Politics chat: Jan. 6 findings; gun legislation; Oz and Fetterman on PA ballot | KERA News

Politics chat: Jan. 6 findings; gun legislation; Oz and Fetterman on PA ballot | KERA News

RASCOE: A mob of pro-Trump supporters stormed the grounds, fought with police, breached both the Ho…
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APC Presidential Consensus Candidate & 2023 Elections | Sunday Politics – YouTube

APC Presidential Consensus Candidate & 2023 Elections | Sunday Politics. No viewsNo views. Jun 5, 2022. Like. Dislike. Share. Save.
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Secret rebellion by disgruntled ministers could bring Boris Johnson down, Tory critics believe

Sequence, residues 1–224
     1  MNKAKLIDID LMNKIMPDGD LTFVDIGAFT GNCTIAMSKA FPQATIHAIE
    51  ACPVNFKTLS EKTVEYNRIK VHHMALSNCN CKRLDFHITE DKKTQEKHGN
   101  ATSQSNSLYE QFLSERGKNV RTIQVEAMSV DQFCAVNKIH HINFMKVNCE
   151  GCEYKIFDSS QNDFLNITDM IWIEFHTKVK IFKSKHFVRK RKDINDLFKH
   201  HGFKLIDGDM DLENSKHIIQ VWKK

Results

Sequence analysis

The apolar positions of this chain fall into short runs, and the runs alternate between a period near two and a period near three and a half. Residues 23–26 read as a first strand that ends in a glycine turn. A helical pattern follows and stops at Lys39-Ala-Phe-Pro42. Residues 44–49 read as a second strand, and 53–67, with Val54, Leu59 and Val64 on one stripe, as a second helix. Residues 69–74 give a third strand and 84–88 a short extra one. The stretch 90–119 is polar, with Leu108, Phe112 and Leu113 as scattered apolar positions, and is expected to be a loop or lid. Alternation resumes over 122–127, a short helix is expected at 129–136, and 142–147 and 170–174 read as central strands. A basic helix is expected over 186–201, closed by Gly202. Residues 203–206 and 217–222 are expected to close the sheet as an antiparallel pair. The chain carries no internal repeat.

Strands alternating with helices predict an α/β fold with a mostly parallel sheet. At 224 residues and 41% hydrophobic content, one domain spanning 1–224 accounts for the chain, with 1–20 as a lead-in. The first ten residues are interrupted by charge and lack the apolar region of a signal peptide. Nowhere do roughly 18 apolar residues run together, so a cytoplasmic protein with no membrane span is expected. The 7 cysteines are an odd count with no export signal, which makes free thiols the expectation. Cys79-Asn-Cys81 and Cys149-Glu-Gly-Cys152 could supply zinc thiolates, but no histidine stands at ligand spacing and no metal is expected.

Log in New to The Independent? Please refresh the page or navigate to another page on the site to be automatically logged in Please refresh your browser to be logged in Ballot on PM’s future could be held as early as Tuesday if threshold of 54 no-confidence letters is passed A secret rebellion by disgruntled government ministers could finish off Boris Johnson as Conservative leader, Tory MPs plotting his ejection believe. The prime minister could face a no-confidence vote as early as this week, in which he would need the support of 180 Tory MPs – half of the current total of 359 – in order to hold on to his job. Backers have suggested that he is all but certain to win any ballot, as the “payroll vote” of 173 ministers and parliamentary aides is almost enough to get him past the threshold. But one backbencher, who has called for Mr Johnson’s resignation, told The Independent that the PM cannot take the votes of members of his own government for granted. Two parliamentary private secretaries (PPS) have already quit over Partygate, and rebels believe that other government figures are privately ready to join the drive to unseat him. “It is a secret ballot, and in the privacy of the polling booth it is far from certain that all of his ministers will vote to keep him in office,” said the MP. “Some of them have very small majorities and will be worried for their seats. Some of them may think they would prosper better under another leader. And some of them just don’t like what he is doing to the party. “It’s obvious that the majority of backbenchers will vote to remove him, but the secret to getting over the line will be how many ministers and PPSs – who of course have said nothing in public, because it would cost them their jobs – will join them.” Mr Johnson’s critics have been circulating a briefing paper among Tory MPs over the bank holiday weekend, warning that 160 or more of them could lose their seats in a “landslide” defeat if he leads them into the next election. “The only way to end this misery, earn a hearing from the British public and restore Conservative fortunes to a point where we can win the next general election is to remove Boris Johnson as prime minister,” the note said. One MP said the result of a confidence vote was likely to be “very close”, and predicted that even if Mr Johnson scrapes home by a narrow margin, he will be terminally wounded. “At that point, I think it is ‘men in grey suits’ time, and members of the cabinet will be telling him it is time to go,” said the backbencher. “Any normal person would resign.” Some Tory rebels believe that the chair of the backbench 1922 Committee, Sir Graham Brady, has already received the 54 letters required to trigger a no-confidence ballot, with one source suggesting the tally could be as high as 67. Sir Graham always maintains a scrupulous silence over the true figure, and some in Westminster believe he may have been waiting for the end of the platinum jubilee weekend to tot up the total, after he said that counting letters was “not a regular pastime” for him. If the threshold is passed on Monday, he will be expected to inform the prime minister before calling a vote as early as Tuesday or Wednesday. If it is not, many MPs expect it to be passed after the by-elections in Wakefield and Tiverton & Honiton on 23 June, when polls suggest Conservatives will face a torrid night. A survey by JL Partners for The Sunday Times gave Labour a 20-point lead over Tories in the West Yorkshire seat, one of the highly symbolic red wall constituencies that fell to Mr Johnson in the 2019 election. James Johnson, co-founder of JL Partners, said the Tories could also face defeat in Devon, with focus groups suggesting that even Leave voters are now ready to help the Liberal Democrats overturn a 24,000 majority in a by-election triggered by MP Neil Parish’s resignation after he admitted watching pornography in the Commons. “Partygate has changed everything, and that trust has now completely gone in Boris Johnson,” said Mr Johnson. “Also that feeling that he is strong and can get things done has gone. I think these by-elections, and the polls, and the local election results show that Boris Johnson is no longer the asset he once was.” With voters showing little enthusiasm for Labour leader Sir Keir Starmer, the Conservatives could recover their lead in the national polls “quite quickly” with a new face at the helm, said James Johnson. One former major donor to the Conservatives predicted that the party was heading for “obliteration” in the general election and a decade in the wilderness unless Boris Johnson is ditched. Financier Michael Tory, who has given more than £300,000 to the party since 2010, said: “I was a loyal and long-standing donor, but can only resume donating if there is an immediate change of leadership. “And it has to be now, before it’s too late to avoid a richly deserved obliteration at the next election, followed probably by a decade in opposition.” Meanwhile, there was anger from some backbenchers at what they regard as “macho” briefing from the prime minister’s supporters. Loyalists are reported to have been characterising the drive to remove the PM as a plot to reverse Brexit, after prominent Johnson critic Tobias Ellwood published an article calling for a return to the single market. Other signatories of no-confidence letters have been branded “childish” and “turncoats” in anonymous briefings to Tory-backing newspapers. “It is madness,” said one MP. “Nasty stuff of this kind is the opposite of what they should be doing. They ought to be reaching out to people.” Transport secretary Grant Shapps said that he did not expect a vote to take place in the coming week, and that he believed Mr Johnson would survive if it came. Mr Shapps played down the significance of the booing directed at the prime minister by crowds at the platinum jubilee thanksgiving service on Friday. Recalling the jeers faced by George Osborne at the Paralympics in 2012, he told BBC1’s Sunday Morning: “I remember booing going on at the Olympic Games in 2012, and it didn’t mean that the election wasn’t won in 2015.” Mr Shapps added: “Politicians by their very nature … will of course divide opinion. That’s what politicians do. That’s because we argue about different sides of issues. “You will always get people who approve, and people who disapprove. That’s the point of a free and democratic society. It’s also the point of having a monarchy, where everyone can join together and support the Queen regardless of their politics. Frankly, I think that demonstrates one of the beauties of our system.” Elections guru Professor Sir John Curtice, of Strathclyde University, said there was no sign of public anger abating over the lockdown-breaching parties at 10 Downing Street. Recent polling showed that around three quarters of voters – including half of those who voted Conservative in 2019 – believe Mr Johnson lied about Partygate, said Prof Curtice. The same polling found that a quarter or more of Tory supporters want the PM to quit. “It is now very, very unlikely that the public are ever going to come to the conclusion that what the prime minister did during lockdown with the various gatherings was reasonable, let alone within the law,” he told Times Radio. “If you lose a quarter of the people who voted for you last time, then you’re in trouble.” By registering, you will also enjoy limited access to Premium articles, exclusive newsletters, commenting, and virtual events with our leading journalists {{#verifyErrors}} {{message}} {{/verifyErrors}} {{^verifyErrors}} {{message}} {{/verifyErrors}} By clicking ‘Create my account’ you confirm that your data has been entered correctly and you have read and agree to our Terms of use, Cookie policy and Privacy notice. This site is protected by reCAPTCHA and the Google Privacy policy and Terms of service apply. By clicking ‘Register’ you confirm that your data has been entered correctly and you have read and agree to our Terms of use, Cookie policy and Privacy notice. Join thought-provoking conversations, follow other Independent readers and see their replies Want to bookmark your favourite articles and stories to read or reference later? Start your Independent Premium subscription today.